Risk
1/26/2010
11:57 PM
Bob Evans
Bob Evans
Commentary
Connect Directly
RSS
E-Mail
50%
50%

Global CIO: After Google Cyber Attack, CIOs Must Find The Body

The Aurora attacks from China are incredibly advanced and malicious, says McAfee's CTO: "Where's the body?"

Saying that "the world has changed" since the Chinese began their cyberattacks under the name Operation Aurora, McAfee CTO George Kurtz said CIOs need to adapt their threat models "to the new reality of these persistent threats." But these latest attacks are making it hard for CIOs to make their case to the CEO because the post-Aurora threats are almost undetectable. They leave no evidence. They leave no body.

Writing on McAfee's "Security Insights Blog," Kurtz described this latest challenge for CIOs in chilling terms in a post called "Where's The Body?":

Global CIO
Global CIOs: A Site Just For You
Visit InformationWeek's Global CIO -- our new online community and information resource for CIOs operating in the global economy.

I know many of the technical teams are working around the clock to figure out what happened. While one might believe that it should be a relatively straightforward exercise of forensically examining the infected systems and correlating any activity with the associated firewall log files, it isn't that easy.

You may ask, "Why is that?" Well, there are three key questions that upper management, namely the CEO and CIO, ask before they rate this incident above "media hype."

1. Did we have a breach?

2. Was data stolen?

3. If so, what data was taken and by whom?

The problem, Kurtz says, is that today's cyberattacks are so sophisticated that they do great damage without leaving a trace, which leads to "one major problem that seems to be a common theme. There is no body to be found."

And without that body—the data—the CEO and CIO won't necessarily believe there's an urgent issue because in the past, all serious security threats came with a very obvious body included at no extra charge, Kurtz says.

The new challenge: "While a sophisticated attacker will leverage insidious malware, don't expect them to drive a truck through your network and leave a calling card on the way out," Kurtz writes. "Instead, expect low and slow movements of data that 'blend' into the massive amount of traffic flow that happens on a daily basis on your network."

In another recent blog post, Kurtz had described the threats and, again, painted a scary picture. And while I realize he's a high-level executive at a company that would love to sell you some security products and services to stave off such attacks, Kurtz's writing has always impressed me as straightforward and honest. So here's more of his description of the Aurora threat from a recent post called "Google Attack Is Tip Of Iceberg":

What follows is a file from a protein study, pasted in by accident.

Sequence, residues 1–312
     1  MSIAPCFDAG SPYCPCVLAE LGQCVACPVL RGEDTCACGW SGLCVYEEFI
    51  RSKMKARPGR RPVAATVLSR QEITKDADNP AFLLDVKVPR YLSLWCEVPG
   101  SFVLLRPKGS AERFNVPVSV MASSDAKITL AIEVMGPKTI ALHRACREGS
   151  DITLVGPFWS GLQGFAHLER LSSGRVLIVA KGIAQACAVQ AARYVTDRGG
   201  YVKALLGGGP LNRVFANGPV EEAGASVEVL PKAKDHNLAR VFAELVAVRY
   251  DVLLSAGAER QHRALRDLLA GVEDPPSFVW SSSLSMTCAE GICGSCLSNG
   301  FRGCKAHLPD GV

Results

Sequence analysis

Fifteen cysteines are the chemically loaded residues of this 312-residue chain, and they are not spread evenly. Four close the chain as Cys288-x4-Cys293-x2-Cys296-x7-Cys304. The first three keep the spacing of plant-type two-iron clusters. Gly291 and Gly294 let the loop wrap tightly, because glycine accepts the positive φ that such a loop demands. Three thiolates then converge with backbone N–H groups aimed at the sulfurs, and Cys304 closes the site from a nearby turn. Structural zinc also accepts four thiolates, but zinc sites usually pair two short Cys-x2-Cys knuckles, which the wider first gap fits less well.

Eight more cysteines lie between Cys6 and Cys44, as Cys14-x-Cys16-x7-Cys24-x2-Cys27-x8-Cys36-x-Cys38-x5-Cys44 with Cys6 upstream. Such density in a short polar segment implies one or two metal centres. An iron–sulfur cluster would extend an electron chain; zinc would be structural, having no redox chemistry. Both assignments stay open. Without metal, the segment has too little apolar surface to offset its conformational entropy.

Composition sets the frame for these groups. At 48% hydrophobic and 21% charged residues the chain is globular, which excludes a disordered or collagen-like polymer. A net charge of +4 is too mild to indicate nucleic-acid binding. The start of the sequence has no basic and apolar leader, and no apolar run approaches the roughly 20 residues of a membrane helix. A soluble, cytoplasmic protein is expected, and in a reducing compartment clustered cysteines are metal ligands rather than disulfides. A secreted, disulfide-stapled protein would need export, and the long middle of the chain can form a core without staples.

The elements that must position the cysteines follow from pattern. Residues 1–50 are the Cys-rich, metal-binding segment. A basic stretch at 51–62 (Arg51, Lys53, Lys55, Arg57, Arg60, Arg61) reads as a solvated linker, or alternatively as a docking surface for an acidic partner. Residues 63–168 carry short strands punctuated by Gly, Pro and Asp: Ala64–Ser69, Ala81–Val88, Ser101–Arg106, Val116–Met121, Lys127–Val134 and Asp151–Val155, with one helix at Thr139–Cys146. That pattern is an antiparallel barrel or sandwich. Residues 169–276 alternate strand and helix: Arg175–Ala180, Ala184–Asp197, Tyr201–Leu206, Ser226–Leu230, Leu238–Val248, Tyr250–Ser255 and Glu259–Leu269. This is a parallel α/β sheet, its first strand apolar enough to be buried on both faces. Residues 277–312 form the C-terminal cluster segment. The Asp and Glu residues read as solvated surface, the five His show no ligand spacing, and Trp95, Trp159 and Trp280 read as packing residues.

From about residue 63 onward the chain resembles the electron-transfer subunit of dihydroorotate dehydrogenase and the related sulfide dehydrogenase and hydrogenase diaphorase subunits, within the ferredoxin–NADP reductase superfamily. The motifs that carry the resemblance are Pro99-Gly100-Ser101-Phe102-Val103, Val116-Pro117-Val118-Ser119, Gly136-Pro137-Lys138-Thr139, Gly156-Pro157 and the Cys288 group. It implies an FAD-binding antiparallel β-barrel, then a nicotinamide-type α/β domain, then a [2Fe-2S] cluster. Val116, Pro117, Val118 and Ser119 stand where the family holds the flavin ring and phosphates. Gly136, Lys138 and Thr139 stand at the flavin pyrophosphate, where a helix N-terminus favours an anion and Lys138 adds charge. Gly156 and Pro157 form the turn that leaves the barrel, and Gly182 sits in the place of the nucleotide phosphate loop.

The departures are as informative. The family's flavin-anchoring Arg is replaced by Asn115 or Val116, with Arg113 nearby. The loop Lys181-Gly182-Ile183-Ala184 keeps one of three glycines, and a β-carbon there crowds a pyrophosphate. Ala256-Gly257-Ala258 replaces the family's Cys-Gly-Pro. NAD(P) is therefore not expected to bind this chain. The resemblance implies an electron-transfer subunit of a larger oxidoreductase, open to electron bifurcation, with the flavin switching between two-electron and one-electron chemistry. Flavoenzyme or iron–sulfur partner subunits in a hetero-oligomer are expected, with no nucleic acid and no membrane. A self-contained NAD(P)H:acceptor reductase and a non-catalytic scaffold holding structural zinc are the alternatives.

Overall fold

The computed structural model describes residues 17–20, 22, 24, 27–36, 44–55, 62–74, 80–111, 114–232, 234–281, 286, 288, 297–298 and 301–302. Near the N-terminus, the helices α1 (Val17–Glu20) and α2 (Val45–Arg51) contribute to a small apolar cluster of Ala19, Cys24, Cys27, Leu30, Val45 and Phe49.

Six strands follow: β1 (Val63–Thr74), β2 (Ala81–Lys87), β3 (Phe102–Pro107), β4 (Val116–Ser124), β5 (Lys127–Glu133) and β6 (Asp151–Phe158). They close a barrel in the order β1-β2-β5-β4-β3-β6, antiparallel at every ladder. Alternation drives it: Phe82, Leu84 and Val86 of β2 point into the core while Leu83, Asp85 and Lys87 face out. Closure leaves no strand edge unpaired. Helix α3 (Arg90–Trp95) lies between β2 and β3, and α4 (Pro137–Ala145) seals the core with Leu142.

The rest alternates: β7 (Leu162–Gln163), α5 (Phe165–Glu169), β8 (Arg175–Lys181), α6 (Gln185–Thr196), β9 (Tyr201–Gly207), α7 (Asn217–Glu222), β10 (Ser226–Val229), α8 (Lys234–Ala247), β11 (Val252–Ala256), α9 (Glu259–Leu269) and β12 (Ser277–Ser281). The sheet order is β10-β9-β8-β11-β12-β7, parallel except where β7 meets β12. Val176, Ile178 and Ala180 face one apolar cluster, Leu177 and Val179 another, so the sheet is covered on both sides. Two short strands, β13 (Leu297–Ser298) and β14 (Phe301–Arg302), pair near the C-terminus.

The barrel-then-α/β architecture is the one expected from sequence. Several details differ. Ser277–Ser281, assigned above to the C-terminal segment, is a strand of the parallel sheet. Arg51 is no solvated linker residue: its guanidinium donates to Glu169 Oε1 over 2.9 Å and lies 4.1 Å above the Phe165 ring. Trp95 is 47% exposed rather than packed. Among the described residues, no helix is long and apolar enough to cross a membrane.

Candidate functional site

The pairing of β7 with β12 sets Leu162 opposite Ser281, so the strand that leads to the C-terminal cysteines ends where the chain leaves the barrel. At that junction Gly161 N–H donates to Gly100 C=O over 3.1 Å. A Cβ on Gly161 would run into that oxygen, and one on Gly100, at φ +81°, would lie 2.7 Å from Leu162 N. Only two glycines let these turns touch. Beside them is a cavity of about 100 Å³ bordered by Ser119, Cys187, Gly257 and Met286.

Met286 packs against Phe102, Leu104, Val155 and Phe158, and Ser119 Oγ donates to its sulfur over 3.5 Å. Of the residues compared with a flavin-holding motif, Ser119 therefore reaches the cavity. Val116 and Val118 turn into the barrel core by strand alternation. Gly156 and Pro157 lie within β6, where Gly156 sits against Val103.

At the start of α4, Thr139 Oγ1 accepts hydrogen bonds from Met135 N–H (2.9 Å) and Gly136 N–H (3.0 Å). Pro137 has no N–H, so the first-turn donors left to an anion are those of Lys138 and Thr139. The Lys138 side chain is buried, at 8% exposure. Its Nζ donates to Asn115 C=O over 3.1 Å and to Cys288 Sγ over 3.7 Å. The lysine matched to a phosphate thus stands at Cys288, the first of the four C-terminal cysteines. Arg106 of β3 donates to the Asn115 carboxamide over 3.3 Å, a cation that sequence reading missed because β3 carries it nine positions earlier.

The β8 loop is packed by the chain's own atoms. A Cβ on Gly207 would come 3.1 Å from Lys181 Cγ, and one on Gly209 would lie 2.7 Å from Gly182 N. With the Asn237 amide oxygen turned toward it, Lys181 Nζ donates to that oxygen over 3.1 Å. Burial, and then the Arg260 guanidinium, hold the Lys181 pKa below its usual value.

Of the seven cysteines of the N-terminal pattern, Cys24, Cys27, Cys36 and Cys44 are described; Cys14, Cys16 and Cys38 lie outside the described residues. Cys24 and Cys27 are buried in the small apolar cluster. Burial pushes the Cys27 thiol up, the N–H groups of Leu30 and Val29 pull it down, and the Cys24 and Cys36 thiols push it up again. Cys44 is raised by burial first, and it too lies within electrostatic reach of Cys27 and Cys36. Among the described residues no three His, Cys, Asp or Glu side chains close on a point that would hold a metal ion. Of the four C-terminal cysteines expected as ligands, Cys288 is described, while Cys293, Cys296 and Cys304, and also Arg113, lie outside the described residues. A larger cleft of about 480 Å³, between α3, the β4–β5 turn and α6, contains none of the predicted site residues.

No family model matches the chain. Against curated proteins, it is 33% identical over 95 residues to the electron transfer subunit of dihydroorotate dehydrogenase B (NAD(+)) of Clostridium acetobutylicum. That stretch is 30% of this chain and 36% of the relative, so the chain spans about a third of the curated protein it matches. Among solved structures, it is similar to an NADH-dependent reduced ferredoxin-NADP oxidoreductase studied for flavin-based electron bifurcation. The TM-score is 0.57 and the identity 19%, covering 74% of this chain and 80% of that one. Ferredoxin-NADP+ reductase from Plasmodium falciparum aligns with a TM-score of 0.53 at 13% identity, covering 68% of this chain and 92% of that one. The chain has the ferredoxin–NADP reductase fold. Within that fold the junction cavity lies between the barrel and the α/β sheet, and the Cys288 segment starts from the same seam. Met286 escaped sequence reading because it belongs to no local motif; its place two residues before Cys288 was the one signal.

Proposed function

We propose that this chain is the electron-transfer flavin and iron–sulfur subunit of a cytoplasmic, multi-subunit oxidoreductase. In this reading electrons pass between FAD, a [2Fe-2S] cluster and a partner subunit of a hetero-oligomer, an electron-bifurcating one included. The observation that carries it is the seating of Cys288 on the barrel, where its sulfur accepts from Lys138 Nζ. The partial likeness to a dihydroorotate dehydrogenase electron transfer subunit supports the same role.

Previous
1 of 2
Next
Comment  | 
Print  | 
More Insights
Register for Dark Reading Newsletters
Partner Perspectives
What's This?
In a digital world inundated with advanced security threats, Intel Security seeks to transform how we live and work to keep our information secure. Through hardware and software development, Intel Security delivers robust solutions that integrate security into every layer of every digital device. In combining the security expertise of McAfee with the innovation, performance, and trust of Intel, this vision becomes a reality.

As we rely on technology to enhance our everyday and business life, we must too consider the security of the intellectual property and confidential data that is housed on these devices. As we increase the number of devices we use, we increase the number of gateways and opportunity for security threats. Intel Security takes the “security connected” approach to ensure that every device is secure, and that all security solutions are seamlessly integrated.
Featured Writers
White Papers
Cartoon
Current Issue
Dark Reading's October Tech Digest
Fast data analysis can stymie attacks and strengthen enterprise security. Does your team have the data smarts?
Flash Poll
Video
Slideshows
Twitter Feed
Dark Reading - Bug Report
Bug Report
Enterprise Vulnerabilities
From DHS/US-CERT's National Vulnerability Database
CVE-2013-3304
Published: 2014-10-30
Directory traversal vulnerability in Dell EqualLogic PS4000 with firmware 6.0 allows remote attackers to read arbitrary files via a .. (dot dot) in the default URI.

CVE-2013-7409
Published: 2014-10-30
Buffer overflow in ALLPlayer 5.6.2 through 5.8.1 allows remote attackers to cause a denial of service (crash) and possibly execute arbitrary code via a long string in a .m3u (playlist) file.

CVE-2014-3446
Published: 2014-10-30
SQL injection vulnerability in wcm/system/pages/admin/getnode.aspx in BSS Continuity CMS 4.2.22640.0 allows remote attackers to execute arbitrary SQL commands via the nodeid parameter.

CVE-2014-3584
Published: 2014-10-30
The SamlHeaderInHandler in Apache CXF before 2.6.11, 2.7.x before 2.7.8, and 3.0.x before 3.0.1 allows remote attackers to cause a denial of service (infinite loop) via a crafted SAML token in the authorization header of a request to a JAX-RS service.

CVE-2014-3623
Published: 2014-10-30
Apache WSS4J before 1.6.17 and 2.x before 2.0.2, as used in Apache CXF 2.7.x before 2.7.13 and 3.0.x before 3.0.2, when using TransportBinding, does properly enforce the SAML SubjectConfirmation method security semantics, which allows remote attackers to conduct spoofing attacks via unspecified vect...

Best of the Web
Dark Reading Radio
Archived Dark Reading Radio
Follow Dark Reading editors into the field as they talk with noted experts from the security world.